Portas pilot descends into farce as Margate bosses walk out en masse

  • Print
  • Share
  • Comments (9)
  • Save

Mary Portas’ efforts to save the British high street descended into seaside farce this week as the leadership of one of her first ‘town teams’ quit en masse.

The shock departures came amid claims her TV crew was more interested in making controversial TV than turning round the fortunes of the Kent resort.

Robin Vaughan-Lyons, chairman of the Margate town team, said filming of a Channel 4 documentary series – covering its plans to use £100,000 of taxpayers’ cash to revive flagging trade – had turned into a bitter power struggle.

He accused TV crews of deliberately trying to stoke up disagreements between the team’s leadership and businesses in the town, claiming Portas herself had “completely blanked” the town’s bosses  while she attended filming.

Vaughan-Lyons said the ructions – which spilled over as the film crew descended on Margate for a second spate of filming following the town’s successful bid to become a Portas pilot – came even before the town team could draw up a plan on spending the £100,000.

“I’m absolutely devastated but I was left with absolutely no option,” he told The Grocer.

“There are a group of people who are more interested in publicity and being on TV than they are in helping Margate and they have been deliberately encouraged by the film crew to make personal attacks on us.

“We have not objected to the filming of the show but for us it’s more about what we do to help the high street. But the filming has led to all sorts of disgraceful activity.”

As well as community shop owner Vaughan-Lyons, Louise Oldfield has quit as secretary and press officer of the team. Treasurer Ian Darker-Larkings, a bistro owner, and vice chair Roxanne Tesslar, a tea shop owner, have also quit.

“I have had no contact with Mary,” added Vaughan-Lyons. “But what’s happened has left me completely disillusioned with the whole initiative.”

Oldfield added: “My position has become untenable with individuals consistently acting outside the team. I have been subjected to public bullying by individuals who are seeking to further their own personal interests rather than the aims of the bid.”

Vaughan-Lyons said it was now unclear who would take over the running of the team.

“We have just been given a shop by a landlord to work from, the website is all in our names and we had just started to sit down and start going through the budget. We should have been jubilant but as it is we’ve been in tears,” he said.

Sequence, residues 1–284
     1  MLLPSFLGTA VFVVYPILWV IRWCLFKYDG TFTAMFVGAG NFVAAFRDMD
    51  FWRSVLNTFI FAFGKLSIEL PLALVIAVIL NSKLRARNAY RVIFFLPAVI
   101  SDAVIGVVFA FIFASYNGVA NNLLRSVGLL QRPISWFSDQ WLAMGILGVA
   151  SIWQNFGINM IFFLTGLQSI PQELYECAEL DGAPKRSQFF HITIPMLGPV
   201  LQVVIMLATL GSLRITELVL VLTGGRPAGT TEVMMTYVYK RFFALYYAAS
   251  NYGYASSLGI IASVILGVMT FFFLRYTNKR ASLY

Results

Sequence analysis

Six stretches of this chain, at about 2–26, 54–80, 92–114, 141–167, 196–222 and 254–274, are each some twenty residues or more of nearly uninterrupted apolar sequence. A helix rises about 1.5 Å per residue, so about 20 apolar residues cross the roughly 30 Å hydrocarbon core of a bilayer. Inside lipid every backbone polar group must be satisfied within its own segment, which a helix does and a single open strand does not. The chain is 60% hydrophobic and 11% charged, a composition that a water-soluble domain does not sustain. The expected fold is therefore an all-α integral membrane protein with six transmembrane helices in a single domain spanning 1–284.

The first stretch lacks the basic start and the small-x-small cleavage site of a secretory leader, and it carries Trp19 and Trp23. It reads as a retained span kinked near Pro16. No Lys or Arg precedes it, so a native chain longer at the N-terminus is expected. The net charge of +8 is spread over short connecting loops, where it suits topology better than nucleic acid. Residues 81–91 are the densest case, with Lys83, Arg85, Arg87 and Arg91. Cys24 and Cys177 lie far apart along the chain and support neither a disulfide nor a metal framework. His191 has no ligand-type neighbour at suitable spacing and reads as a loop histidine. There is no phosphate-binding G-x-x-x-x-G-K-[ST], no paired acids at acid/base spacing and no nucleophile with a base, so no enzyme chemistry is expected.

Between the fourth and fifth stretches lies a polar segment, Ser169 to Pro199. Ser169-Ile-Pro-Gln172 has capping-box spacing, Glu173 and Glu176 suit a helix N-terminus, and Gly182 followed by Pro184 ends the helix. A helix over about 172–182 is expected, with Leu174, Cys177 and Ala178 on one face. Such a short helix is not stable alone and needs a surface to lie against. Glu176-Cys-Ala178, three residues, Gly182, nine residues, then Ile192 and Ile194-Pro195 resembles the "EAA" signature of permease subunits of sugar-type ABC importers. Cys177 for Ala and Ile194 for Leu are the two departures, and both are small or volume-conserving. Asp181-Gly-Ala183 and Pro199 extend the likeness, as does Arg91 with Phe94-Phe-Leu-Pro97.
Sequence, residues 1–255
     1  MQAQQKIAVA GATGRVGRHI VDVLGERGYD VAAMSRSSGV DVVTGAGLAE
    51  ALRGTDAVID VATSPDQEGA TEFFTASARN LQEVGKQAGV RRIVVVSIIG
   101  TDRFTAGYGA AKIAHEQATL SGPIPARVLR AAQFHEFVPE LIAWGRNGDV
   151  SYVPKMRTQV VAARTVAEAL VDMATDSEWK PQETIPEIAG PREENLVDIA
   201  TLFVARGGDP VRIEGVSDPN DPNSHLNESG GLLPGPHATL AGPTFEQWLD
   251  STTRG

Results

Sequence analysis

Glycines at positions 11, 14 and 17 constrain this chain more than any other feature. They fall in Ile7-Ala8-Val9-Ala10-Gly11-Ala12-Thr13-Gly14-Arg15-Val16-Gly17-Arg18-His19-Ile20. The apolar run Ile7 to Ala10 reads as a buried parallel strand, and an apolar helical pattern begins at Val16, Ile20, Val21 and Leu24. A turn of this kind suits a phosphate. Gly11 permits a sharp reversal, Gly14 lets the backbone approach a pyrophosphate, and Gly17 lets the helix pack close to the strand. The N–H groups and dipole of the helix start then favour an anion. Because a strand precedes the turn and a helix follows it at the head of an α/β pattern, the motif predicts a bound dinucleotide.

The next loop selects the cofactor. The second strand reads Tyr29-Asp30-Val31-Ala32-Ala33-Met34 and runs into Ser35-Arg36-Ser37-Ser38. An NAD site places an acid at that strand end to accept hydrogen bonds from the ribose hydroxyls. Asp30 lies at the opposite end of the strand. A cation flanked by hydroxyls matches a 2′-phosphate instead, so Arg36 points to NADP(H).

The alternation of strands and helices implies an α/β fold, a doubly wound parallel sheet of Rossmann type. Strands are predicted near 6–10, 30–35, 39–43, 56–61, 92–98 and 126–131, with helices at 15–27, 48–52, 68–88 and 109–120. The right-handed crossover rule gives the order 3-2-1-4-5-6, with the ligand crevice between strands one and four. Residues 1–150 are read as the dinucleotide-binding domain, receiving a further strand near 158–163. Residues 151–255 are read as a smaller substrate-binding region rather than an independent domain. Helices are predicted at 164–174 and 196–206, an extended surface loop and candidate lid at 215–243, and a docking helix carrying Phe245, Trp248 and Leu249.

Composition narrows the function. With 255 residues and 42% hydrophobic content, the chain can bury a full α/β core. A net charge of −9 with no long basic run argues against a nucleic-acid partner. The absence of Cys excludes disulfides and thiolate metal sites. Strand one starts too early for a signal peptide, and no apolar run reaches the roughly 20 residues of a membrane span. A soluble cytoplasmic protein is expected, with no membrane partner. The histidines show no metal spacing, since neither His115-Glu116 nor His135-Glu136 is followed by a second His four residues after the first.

Readers' comments (9)

  • This is always the problem when Entertainment and Reality meet. Whilst the Portas Project's are a great initiative to try to revive our High Streets, the programme producers have no interest in the real events. Real life is actually quite dull. Planning to regenerate a High Street will involve long dull meetings about planning permission, demographic spread and niche retail. That’s not going to sell advertising space. They’re after controversy, dispute and hopefully a few fist fights.
    Learn the lesson from Big Brother. The 1st series was an interesting piece of social science. How do people react when they’re put into a confined environment with others they don’t know? Since then it’s been filled with people who want to be famous but more importantly, who will fight with each other. 13 weeks, 14 freaks.
    The Portas Project will follow the same route if it’s allowed to become TV entertainment rather than a genuine attempt to rescue our Town Centres from Charity Stores and Mobile Phone shops.

    Unsuitable or offensive? Report this comment

  • Its disgusting!
    The tv show will provide nothing but a 5 minute make over quick fix and then they'll leave the aftermath to us
    They upset an elite force that had sustainability at its core and that's what they wanted to fill their poor excuse for entertainment surely this format of tv has had its day
    I expect a few new benches a few new shops moved from elsewhere in the town and a lot of paint?!! Brilliant!!

    Unsuitable or offensive? Report this comment

  • Hate to say I told you so, but what exactly did anyone expect from an initiative backed by a reality TV star and s shiny toothed politician?

    Mary might once have been a retail adviser worth her salt, and she still put some good ideas into her review, but essentially she's only got an eye on the next PR stunt these days. Who can blame her? That's how she makes her living.

    If the government was really serious about revitalising the high street they'd have brought in a panel of retail, property and local authority experts with an agenda that would have had some real political clout. Instead they asked a woman off the telly to run something up in her spare time.

    As it stands they've only cherry picked the PR friendly aspects of her report and focussed on what they think will make the best headlines for the least money and commitment.

    What is needed is lease reform, rates reform (this year they increased rates at twice the level of inflation) and proper control of large out of town shopping centres. Margate in particular has be devastated by a major mall and three large supermarkets all located out of town. You don't need to be a retail guru to work out where the problems lie.

    It's arguable that government policy specifically advantages these centres and disadvantages local towns. Almost as if politicians are more concerned about big investment than local jobs and livelihoods. Surely not!

    The Portas bandwagon is simply a smokescreen used to divert attention away from the almost total disregard from successive governments of the pressures being placed on ordinary retailers. It should be replaced as quickly as possible with realistic government policy, otherwise well meaning people are simply fighting a losing battle.